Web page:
Some great business lessons...

Clarkson is a big advocate of team work and getting people to work with others on larger projects. The reason this is so important to the school is because employers want their employees to be able to work well in teams which can accomplish more than a single individual. Walking through KPMG really showed how important team work is to the company. The environment there was set up to facilitate teams to work together and be as mobile as they need. I found it amazing that everyone at KPMG is expected to be agile, being able to work anywhere they want or need to. For this reason, there was no need to necessarily designate office space to individuals but was instead built to facilitate work.

I was really impressed with how the area was designed to make each area its own little work environment to encourage small groups. I liked how the environment and structure encouraged people to work face to face in the building when possible. I feel that the MBA program has multiple rooms in which groups can choose to work face to face like the lounge, I-lab, LDL rooms, and the conference room upstairs. I really have appreciated these spaces and I see the importance of developing similar areas within a business.

Another big topic that I felt was really well illustrated during the Australia business visits was companies’ ability to innovate. At school, the buzz word of innovation is used a lot but it still seems like an ideal considering there is not much exposure to any real innovative projects. At KPMG, I finally really saw the benefit of having creative and functional spaces that are innovative to promote group work. We also saw a demo of a software to help transcribe and recommend solutions for banks deciding on providing loans. I think something that is missing a lot in the typical class room is the insight about what is really driving innovation. The story about a bank being fined and needing to improve their system allowed for the opportunity for this software to be developed. Innovation does not just happen by sticking people in a room and telling them to innovate, they must be exposed to what’s happening in the business and the industry.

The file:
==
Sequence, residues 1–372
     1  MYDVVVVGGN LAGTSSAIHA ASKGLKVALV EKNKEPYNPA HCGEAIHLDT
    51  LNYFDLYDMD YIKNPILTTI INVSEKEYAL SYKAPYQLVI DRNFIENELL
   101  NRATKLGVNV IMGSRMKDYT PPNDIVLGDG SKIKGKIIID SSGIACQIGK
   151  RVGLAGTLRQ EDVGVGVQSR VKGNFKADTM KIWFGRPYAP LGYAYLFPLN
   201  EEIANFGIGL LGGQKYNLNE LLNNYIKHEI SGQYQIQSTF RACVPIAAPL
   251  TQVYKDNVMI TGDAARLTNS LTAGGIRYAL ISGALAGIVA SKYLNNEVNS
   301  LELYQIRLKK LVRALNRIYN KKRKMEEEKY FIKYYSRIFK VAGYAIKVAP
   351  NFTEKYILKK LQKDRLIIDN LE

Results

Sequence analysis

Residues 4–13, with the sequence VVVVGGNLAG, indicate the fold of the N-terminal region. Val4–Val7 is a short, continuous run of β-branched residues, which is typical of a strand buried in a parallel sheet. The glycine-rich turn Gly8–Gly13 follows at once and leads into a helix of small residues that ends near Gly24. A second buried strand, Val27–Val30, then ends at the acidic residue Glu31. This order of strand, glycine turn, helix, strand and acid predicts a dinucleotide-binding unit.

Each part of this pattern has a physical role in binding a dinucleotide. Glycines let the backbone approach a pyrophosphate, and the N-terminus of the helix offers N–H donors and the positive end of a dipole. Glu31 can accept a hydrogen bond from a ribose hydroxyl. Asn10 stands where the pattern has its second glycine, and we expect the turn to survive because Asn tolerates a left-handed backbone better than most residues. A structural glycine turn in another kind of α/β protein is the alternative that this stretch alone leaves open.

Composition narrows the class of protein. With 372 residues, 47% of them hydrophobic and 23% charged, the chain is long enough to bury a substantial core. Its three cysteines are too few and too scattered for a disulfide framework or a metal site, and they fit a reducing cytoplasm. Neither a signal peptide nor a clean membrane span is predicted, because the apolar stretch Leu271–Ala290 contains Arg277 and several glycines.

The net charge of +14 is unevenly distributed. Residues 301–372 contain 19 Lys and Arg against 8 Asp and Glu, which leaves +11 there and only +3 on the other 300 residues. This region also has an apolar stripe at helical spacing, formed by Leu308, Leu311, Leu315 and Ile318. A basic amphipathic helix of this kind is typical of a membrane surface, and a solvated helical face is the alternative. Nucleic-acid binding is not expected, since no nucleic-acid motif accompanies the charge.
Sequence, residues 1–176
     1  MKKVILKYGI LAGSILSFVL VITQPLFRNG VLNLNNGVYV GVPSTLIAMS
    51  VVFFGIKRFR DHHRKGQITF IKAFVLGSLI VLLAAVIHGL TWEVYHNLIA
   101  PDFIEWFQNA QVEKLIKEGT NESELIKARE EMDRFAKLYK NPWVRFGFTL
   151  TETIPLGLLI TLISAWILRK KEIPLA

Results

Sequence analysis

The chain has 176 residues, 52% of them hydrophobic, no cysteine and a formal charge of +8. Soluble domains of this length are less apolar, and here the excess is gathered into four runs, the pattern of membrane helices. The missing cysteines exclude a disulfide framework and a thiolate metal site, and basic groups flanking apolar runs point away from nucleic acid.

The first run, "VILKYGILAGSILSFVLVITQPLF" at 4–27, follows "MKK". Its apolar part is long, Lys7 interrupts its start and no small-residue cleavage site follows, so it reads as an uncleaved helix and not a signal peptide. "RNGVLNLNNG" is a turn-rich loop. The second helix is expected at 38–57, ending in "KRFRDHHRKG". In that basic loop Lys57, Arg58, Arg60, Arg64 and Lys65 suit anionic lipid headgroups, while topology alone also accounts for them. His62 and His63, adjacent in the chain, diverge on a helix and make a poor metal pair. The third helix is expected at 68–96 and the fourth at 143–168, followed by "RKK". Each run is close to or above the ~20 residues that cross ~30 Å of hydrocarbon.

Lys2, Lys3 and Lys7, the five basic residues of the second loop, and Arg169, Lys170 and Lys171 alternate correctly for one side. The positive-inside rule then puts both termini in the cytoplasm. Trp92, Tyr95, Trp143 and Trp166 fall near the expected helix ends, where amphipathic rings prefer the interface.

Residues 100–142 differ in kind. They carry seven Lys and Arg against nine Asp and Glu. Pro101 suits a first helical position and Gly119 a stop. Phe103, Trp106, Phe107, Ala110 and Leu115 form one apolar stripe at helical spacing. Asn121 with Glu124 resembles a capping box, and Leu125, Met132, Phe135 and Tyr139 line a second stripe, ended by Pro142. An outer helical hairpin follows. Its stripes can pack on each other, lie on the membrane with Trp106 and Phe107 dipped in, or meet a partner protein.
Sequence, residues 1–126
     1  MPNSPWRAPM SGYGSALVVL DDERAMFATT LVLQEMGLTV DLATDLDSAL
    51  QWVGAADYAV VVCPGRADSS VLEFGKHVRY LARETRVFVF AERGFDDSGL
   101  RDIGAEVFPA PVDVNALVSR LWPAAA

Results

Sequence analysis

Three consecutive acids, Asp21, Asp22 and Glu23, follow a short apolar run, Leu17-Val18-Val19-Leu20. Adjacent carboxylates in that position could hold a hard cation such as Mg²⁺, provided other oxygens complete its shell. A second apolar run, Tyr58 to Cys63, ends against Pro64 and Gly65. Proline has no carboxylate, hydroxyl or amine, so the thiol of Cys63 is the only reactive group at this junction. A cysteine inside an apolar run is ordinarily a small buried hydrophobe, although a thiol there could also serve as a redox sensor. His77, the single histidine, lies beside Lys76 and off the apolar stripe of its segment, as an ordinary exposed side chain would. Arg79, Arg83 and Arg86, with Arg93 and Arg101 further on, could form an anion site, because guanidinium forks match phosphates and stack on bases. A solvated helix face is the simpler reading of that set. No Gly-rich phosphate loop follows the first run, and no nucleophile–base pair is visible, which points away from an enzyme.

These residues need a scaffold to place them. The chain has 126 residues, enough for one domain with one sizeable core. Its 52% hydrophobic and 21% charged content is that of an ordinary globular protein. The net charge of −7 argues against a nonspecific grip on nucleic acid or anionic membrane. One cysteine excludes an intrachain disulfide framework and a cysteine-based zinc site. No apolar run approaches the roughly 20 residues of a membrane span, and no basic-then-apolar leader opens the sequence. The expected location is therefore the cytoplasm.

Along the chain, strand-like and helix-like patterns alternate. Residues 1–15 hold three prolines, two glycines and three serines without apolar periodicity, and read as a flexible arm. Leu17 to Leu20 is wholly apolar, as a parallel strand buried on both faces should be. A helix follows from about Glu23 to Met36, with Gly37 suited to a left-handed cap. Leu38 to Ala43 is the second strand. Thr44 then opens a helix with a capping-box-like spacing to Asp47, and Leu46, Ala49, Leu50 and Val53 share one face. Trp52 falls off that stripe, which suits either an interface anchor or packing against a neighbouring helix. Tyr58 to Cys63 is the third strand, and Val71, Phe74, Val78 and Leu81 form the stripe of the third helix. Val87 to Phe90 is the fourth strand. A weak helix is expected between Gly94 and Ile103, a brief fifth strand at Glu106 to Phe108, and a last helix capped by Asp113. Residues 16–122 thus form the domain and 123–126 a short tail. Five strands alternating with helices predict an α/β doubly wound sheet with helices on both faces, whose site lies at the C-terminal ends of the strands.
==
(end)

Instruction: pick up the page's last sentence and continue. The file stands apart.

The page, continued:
I think the meeting with IBM did a great job at emphasizing the need to accept and work to understand technology. Advice we were given during the meeting was to not be afraid of technology if you’re not a technical person. The speaker also said that he hates it when people say, “they are not a technology person so don’t ask them.” It really resonated with me that people should learn at least surface detail to be able to talk about technology in general even if they are unable to explain the specifics. Technology is changing constantly so the larger concept of what is being done is often more important than the nitty gritty of how (unless you’re the programmer or engineering working on it). I think the most important comment about technology was not to explain technology with detailed technical explanations. I feel being able to talk about the purpose and general details of what programs are doing is more important for upper management so that they can then comment on improvement or define where the next steps in the software should be.

I learned a lot of small but important concepts at AmCham that don’t really fit into one general category besides how to do business. The first lesson was to make sure the company does its due diligence when deciding on future plans. Our speaker told us that Australian companies normally do not see US firms as a threat because they are either stupid or the US firm will be non-competitive. I feel that this shows a lack of planning and research by US firms which I’ll need to be careful about. Another thing I learned was that countries, like Australia, are great places to test new things out because they are relatively small but still can be representative before making major investments. The example used was the new Tesla Power Plant which may benefit from a smaller scale test in a country before trying to engineer it to fit all the United States. I had never thought about how these kinds of countries make for great pilot locations before.

#Sydney #KPMG #IBM #ClarksonMBA #AmCham #AmCham

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